Procedure (4) gave %CO-Hb values relatively close to the actual values at first test, but standard deviation (SD) of data obtained was large (Fig. 2). However, the SD became smaller for the second test (Fig. 3). Focusing on the dispersion of the measurement values, A0, A100 and Ax, only A100 value gave remarkable large dispersion flor the first test (data not shown). Because procedure (4) calculates the %CO-Hb levels of unknown sample based on A0 and A100 values, A100 value should affect the %CO-Hb value of an unknown sample. Procedure (4) may be little bit complicated, compared to the other procedures which have been examined frequently in the forensic science laboratories, and has been tried by the laboratories for the first time. So the large dispersion may be due to the untrained operation of this newly examined procedure. The dispersion of A100 value became smaller for the second test; thus, we thought that the SD of %CO-Hb was improved by improved technical operation.

Equations for calculating CO-Hb concentrations are provided below for procedures (2) and (3).

The formula for procedure (2) was introduced from the ratio of optical density of two components at two wavelengths (Eq. 5) [22].
$$ \frac{{c_{2} }}{c} = \frac{{\varepsilon^{\lambda 2} }}{{\left( {\varepsilon_{2}^{\lambda 1} - \varepsilon_{1}^{\lambda 1} } \right)}} \times \frac{{A_{\lambda 1} }}{{A_{\lambda 2} }} + \frac{{\varepsilon_{1}^{\lambda 1} }}{{\left( {\varepsilon_{2}^{\lambda 1} - \varepsilon_{1}^{\lambda 1} } \right)}} $$
(5)
(c, total concentration of two components; c2, concentration of target component; λ1 and λ2, wavelengths for measurements, λ2 is the isosbestic point; ε1 and ε2, extinction coefficient of two components; Aλ1 and Aλ2, absorbance at λ1 and λ2).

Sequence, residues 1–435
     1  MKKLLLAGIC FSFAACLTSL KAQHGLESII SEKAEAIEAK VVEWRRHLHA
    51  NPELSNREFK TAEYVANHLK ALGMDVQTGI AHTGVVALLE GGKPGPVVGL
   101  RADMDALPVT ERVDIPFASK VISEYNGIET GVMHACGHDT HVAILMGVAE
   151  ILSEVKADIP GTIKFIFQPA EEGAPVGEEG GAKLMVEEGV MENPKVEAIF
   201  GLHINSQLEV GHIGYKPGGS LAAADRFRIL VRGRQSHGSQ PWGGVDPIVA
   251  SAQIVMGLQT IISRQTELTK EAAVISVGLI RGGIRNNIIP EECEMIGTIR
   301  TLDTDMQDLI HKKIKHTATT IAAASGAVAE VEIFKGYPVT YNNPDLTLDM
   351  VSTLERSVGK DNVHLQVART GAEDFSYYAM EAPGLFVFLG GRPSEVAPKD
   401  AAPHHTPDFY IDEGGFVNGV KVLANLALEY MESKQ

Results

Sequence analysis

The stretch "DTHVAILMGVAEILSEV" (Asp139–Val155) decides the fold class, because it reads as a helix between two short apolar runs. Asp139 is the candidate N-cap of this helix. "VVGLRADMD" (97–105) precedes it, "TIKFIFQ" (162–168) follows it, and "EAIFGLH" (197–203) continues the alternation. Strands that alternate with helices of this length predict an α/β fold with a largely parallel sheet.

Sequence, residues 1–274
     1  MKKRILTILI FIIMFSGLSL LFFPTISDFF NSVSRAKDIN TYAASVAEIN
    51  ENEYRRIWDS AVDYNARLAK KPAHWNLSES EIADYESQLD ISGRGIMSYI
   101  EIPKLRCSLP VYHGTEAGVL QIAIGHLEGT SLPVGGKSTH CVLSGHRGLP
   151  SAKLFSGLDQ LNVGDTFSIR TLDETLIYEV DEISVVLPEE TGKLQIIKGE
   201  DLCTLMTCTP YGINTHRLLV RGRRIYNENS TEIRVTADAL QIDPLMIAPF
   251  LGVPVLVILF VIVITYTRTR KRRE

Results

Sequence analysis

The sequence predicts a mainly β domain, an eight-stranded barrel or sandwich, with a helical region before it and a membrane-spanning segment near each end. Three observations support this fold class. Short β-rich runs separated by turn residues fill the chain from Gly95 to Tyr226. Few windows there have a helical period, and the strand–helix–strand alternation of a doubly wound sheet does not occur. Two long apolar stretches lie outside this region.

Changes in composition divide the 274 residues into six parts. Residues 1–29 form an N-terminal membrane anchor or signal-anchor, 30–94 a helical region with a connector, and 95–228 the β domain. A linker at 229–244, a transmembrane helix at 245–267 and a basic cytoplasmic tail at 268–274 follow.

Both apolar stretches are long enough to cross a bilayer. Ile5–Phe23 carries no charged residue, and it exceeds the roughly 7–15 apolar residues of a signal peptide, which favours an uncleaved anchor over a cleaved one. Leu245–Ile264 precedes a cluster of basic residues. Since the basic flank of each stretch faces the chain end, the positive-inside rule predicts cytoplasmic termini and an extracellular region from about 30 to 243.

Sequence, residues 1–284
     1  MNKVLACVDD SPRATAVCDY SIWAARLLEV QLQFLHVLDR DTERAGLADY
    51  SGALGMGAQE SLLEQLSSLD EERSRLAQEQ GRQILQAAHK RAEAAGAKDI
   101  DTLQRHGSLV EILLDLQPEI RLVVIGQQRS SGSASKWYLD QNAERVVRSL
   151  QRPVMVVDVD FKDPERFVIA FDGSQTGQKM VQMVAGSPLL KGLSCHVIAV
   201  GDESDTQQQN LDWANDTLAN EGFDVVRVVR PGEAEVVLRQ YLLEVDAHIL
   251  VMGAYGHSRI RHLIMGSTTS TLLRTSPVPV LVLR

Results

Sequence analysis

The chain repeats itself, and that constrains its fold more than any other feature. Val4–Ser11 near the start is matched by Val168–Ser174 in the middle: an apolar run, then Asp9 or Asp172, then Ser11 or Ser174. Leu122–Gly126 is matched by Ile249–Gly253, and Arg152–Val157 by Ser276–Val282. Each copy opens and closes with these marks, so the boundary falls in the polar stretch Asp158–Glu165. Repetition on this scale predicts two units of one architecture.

When Eq. 5 was applied to measure the ratio of CO-Hb in the blood sample by procedure (2), the wavelengths for the measurements were 539 nm and 579 nm (isosbestic point). The ratio of CO-Hb (c2) to total Hb concentration (c) is indicated by Eq. 6.
$$ \frac{{c_{2} }}{c} = \frac{1}{{\left( {X_{100\% } - X_{0\% } } \right)}} \times X - \frac{{X_{0\% } }}{{\left( {X_{100\% } - X_{0\% } } \right)}} $$
(6)
(X, A539/A579 of unknown sample; X100% and X0%: A539/A579 of the 100% and 0% CO-Hb sample, respectively).

Thus, a higher-precision measurement of X100% and X0% can give an accurate equation for the calculation of CO-Hb.

On the other hand, Katsumata’s equation (3-1) was introduced as follows [8]. When the percentage of CO-Hb in the blood sample is indicated by the equation Y (%CO-Hb) = (a − A558/A532) × b, the constant a is identical to A558/A532 of 0% CO-Hb. The constant b is easily obtained from A558/A532 of 100% CO-Hb [8]. The constants of modified Katsumata’s equation (3-2) was reset as a result of reexamination. The results in this study indicated that the modified Katsumata’s equation (3-2) was improved to provide greater accuracy, but these values were not still accurate enough. The exact values of A558/A532 for 0 and 100% CO-Hb are needed to introduce the correct equation.

In both procedures (2) and (3), the exact measured values of absorbance for 0% and 100% CO-Hb were necessary to introduce the correct equation. We considered that the preparation of absolute 100% and 0% CO-Hb samples is most important for that purpose. Further improvement of the equations is necessary to obtain measured values sufficiently close to the actual values.

As for the laboratory differences in reported values, a certain tendency was observed (data not shown). The number of the laboratories presenting more than two of three of %CO-Hb values outside of the average ± SD within three concentration samples in the respective procedures were 1, 3, 5, 5 and 3 within 16 laboratories for the procedures (1), (2), (3-1), (3-2), and (4), in the inter-method variation experiment, and 4 within 17 laboratories in the accuracy evaluation test. The different characteristics of the operation techniques and equipment in the laboratories may influence the above tendency, but this tendency was not extreme. Really, there was no laboratory which presented results all outside of the average ± 2SD values in the respective procedures. Therefore, the %CO-Hb values are regarded to be randomly distributed, not depending on the laboratory difference.

Conclusions